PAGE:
Helping SeaMercy with the remote village Avea on the remote island Avea
Tue 14 Jun 2016 14:27
We were mean to leave for the Northern part of Vanua Balavu and heading further West continuing our discovery of Fiji. However Jonathan come to our boat the night before we left asking us if we could consider stay another
day with SeaMercy. There is another remote village on a really remote island that would need kids to play with. If it had not been that we are on limited time schedule with the World ARC we definitely have joined SeaMercy for a few weeks helping out these villages. So off course one day more we could definitely stay.
This village is called Avea on the little island of Avea North Est of Lomaloma. They needed help with everything: water supply, food, building a new community hall and digging a new garden. Our main contribution was Alex and Inez and Jörgen also helped with the batteries to the water makers.
Avea has 71 people living there where of 19 children.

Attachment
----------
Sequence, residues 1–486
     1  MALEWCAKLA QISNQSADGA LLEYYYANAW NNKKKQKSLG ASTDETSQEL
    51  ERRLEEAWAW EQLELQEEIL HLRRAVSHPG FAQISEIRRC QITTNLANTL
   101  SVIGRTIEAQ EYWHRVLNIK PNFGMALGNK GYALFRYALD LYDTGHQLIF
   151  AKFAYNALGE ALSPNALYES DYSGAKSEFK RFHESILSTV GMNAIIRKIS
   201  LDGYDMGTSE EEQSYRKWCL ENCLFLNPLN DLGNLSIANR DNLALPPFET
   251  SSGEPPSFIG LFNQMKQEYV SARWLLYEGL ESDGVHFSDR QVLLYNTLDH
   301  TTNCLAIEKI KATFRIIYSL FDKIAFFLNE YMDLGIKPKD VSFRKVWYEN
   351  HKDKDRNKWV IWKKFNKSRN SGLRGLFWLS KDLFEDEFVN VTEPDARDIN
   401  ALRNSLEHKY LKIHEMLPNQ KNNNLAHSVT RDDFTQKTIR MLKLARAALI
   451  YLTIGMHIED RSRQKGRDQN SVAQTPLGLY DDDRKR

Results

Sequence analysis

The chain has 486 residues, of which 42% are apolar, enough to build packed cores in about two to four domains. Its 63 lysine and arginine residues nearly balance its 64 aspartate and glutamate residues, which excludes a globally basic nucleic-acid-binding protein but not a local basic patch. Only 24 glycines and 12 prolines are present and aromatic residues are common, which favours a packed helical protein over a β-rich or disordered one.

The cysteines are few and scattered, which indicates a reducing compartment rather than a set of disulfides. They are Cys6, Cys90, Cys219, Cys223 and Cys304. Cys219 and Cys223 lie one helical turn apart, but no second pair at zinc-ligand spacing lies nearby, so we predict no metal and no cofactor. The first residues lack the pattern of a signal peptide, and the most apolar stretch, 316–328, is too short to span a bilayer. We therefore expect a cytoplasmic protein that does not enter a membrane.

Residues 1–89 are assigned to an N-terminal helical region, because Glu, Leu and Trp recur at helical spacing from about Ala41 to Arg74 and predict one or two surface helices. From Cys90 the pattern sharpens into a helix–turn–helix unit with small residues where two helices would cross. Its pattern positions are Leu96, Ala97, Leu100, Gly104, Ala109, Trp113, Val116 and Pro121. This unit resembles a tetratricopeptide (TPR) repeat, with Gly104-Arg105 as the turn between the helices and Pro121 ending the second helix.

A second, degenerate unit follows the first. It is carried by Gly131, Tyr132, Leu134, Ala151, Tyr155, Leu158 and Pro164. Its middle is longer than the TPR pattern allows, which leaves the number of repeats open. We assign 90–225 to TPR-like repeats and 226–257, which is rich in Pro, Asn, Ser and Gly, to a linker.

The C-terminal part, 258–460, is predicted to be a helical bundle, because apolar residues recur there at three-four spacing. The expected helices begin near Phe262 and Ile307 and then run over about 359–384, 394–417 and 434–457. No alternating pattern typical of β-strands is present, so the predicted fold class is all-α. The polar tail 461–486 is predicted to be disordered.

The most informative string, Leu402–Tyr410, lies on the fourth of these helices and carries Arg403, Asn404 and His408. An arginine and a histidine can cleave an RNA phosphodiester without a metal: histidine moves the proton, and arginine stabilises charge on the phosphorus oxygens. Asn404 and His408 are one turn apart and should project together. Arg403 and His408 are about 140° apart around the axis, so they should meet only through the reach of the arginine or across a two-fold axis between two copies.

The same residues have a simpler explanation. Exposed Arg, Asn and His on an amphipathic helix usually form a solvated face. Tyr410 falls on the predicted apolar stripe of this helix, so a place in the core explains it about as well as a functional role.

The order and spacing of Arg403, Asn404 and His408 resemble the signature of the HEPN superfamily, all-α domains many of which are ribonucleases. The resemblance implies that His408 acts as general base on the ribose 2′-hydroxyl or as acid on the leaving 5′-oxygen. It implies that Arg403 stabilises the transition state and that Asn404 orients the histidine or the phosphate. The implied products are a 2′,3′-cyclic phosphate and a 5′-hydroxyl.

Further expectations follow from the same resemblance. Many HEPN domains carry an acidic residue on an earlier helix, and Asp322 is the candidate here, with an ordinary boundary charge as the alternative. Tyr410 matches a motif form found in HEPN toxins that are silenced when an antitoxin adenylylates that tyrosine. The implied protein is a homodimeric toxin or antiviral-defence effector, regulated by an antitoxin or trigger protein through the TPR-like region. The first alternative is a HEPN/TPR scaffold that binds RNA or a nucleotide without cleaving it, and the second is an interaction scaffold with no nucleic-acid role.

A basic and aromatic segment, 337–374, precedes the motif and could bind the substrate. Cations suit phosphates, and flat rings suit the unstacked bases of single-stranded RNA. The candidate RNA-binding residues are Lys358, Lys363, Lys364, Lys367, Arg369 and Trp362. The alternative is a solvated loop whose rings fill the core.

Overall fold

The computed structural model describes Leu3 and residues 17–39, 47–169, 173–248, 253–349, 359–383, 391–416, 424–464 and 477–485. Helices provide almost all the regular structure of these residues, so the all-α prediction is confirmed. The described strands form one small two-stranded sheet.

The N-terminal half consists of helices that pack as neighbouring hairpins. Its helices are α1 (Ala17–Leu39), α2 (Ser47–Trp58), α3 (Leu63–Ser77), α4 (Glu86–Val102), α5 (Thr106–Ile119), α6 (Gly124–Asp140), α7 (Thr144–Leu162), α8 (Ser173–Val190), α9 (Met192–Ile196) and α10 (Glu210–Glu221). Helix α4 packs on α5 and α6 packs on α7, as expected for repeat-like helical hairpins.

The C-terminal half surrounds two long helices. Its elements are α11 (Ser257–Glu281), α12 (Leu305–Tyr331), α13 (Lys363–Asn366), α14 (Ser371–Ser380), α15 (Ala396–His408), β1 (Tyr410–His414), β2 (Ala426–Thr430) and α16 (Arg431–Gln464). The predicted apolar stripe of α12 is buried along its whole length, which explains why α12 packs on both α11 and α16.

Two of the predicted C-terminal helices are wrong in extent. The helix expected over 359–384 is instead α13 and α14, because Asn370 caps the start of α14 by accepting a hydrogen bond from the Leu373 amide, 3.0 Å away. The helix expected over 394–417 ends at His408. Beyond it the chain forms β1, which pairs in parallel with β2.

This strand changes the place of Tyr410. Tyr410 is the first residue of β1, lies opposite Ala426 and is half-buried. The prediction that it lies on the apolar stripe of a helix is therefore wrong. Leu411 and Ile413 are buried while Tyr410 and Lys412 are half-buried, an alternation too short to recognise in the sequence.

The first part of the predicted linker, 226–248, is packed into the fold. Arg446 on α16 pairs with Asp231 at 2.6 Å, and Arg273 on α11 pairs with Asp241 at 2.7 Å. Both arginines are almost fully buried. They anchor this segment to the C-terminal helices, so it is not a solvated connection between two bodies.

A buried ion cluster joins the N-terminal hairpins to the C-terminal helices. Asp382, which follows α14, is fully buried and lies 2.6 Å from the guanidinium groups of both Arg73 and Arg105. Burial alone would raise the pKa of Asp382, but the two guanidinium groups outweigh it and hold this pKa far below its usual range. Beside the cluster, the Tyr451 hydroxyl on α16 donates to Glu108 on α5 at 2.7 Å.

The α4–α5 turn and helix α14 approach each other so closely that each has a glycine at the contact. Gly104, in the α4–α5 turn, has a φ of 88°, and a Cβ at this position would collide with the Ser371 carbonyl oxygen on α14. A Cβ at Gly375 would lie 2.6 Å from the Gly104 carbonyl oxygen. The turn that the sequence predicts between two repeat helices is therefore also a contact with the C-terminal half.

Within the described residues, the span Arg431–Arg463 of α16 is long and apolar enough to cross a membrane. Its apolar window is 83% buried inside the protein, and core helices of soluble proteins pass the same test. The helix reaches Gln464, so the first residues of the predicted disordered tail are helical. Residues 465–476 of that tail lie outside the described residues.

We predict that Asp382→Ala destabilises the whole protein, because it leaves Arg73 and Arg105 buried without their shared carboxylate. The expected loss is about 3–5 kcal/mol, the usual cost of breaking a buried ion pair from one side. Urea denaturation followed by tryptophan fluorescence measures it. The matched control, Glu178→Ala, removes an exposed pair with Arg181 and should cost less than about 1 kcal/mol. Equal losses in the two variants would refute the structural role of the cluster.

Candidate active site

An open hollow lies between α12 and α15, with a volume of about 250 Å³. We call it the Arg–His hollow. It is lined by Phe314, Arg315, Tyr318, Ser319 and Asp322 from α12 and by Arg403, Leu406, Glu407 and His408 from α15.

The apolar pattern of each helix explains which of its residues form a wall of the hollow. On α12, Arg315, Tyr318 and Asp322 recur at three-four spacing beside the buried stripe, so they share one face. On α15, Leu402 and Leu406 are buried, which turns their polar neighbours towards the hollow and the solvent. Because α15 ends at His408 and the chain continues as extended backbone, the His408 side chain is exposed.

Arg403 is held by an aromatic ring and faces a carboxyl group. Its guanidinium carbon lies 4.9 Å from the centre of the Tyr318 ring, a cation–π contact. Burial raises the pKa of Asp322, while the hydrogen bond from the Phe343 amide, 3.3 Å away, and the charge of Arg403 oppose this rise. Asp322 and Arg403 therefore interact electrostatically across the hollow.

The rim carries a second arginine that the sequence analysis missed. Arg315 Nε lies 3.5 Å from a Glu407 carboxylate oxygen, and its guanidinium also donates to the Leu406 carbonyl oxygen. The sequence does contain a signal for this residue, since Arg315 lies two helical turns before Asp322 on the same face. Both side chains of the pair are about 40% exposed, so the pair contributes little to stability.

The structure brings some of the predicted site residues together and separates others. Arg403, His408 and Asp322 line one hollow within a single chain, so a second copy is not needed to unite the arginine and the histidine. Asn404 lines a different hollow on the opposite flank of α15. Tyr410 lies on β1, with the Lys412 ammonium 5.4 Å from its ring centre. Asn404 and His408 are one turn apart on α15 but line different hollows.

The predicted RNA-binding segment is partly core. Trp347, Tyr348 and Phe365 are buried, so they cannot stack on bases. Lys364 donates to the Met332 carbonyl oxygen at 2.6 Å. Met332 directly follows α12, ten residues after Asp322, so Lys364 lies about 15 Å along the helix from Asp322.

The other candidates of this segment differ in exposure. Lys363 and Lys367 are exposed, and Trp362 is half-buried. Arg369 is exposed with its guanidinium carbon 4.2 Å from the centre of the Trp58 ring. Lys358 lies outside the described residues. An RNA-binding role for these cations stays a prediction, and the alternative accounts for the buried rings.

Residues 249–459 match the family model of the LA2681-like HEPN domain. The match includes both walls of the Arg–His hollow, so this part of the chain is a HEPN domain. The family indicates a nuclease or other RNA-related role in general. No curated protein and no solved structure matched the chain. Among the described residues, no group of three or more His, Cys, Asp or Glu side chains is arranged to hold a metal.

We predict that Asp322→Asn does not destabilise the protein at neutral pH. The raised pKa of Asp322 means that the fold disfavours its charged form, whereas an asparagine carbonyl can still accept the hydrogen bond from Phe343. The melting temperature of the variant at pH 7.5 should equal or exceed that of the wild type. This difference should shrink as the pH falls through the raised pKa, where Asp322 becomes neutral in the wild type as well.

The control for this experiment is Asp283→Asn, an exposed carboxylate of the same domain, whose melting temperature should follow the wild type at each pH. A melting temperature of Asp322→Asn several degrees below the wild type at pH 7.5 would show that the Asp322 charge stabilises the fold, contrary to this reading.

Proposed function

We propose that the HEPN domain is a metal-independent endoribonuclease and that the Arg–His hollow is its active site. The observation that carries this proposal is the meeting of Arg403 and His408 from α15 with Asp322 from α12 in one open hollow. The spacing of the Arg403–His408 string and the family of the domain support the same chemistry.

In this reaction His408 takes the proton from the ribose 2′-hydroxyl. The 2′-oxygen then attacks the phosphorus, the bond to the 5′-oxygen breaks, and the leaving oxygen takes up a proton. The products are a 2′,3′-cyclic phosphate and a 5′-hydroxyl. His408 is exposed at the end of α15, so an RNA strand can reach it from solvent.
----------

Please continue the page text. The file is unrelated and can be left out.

The kids of the villlage came out from school one by one curious to see which games were played outside. We started by the running competition and then they were gone in all sorts of games.
Especially football. Alex played footboll and run around non-stop for 4 hours. He totally collapsed that night!
And Inez founds her friends too!
While Jörgen helped with the water maker, the French lady on Domino had gathered all the women for gardening ...
and the rest of the men cutting wood to start building the new community hall. The former water supply was the church’s roof. However this one blew leaving the village with no drinking water. The picture to the right is salt mixed with fresh water for cleaning and washing.
By the end of the day we had walk behing the village and discovered the school’s toilet being removed from its ground, picture to the left.
Jonathan is standing in blue talking to the kids of the village telling they will come back tomorrow and work on with the rest of the school building.
Inez sharing her muesli bar with the kids.
Our goodbyes from Avea.
The view over the shore where we were anchored, called “mushrooms” stones.